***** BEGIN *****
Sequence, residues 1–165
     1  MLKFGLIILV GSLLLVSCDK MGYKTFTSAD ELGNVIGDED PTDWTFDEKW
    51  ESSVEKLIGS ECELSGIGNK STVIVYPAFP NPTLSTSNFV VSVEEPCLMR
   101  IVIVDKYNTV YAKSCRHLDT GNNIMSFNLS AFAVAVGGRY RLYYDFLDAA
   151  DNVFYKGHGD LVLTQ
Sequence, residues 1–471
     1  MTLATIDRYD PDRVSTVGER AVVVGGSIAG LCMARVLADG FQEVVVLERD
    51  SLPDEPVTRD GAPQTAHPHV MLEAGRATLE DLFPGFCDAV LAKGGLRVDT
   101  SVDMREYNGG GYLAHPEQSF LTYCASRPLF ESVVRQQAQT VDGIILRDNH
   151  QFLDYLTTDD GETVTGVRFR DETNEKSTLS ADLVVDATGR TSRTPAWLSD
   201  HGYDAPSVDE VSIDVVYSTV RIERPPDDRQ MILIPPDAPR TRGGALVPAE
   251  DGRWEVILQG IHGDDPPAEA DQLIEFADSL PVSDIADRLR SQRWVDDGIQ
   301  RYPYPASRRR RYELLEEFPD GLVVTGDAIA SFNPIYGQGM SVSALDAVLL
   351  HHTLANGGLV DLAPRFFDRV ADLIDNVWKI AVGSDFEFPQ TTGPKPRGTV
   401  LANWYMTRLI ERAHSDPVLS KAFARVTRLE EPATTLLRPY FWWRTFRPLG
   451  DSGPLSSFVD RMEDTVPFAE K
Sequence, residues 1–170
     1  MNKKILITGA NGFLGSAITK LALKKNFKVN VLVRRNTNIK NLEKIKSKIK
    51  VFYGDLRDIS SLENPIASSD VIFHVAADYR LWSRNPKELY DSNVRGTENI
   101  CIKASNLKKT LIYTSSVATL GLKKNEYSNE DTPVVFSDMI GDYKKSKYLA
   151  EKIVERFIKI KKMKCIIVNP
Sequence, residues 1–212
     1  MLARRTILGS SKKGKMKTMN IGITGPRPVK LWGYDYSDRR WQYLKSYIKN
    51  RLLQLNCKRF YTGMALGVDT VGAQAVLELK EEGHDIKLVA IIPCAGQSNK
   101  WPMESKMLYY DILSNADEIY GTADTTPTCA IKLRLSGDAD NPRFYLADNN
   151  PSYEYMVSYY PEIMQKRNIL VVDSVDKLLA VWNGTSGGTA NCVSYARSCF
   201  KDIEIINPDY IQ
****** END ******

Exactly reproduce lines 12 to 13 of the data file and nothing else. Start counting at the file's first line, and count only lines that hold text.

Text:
   251  DGRWEVILQG IHGDDPPAEA DQLIEFADSL PVSDIADRLR SQRWVDDGIQ
   301  RYPYPASRRR RYELLEEFPD GLVVTGDAIA SFNPIYGQGM SVSALDAVLL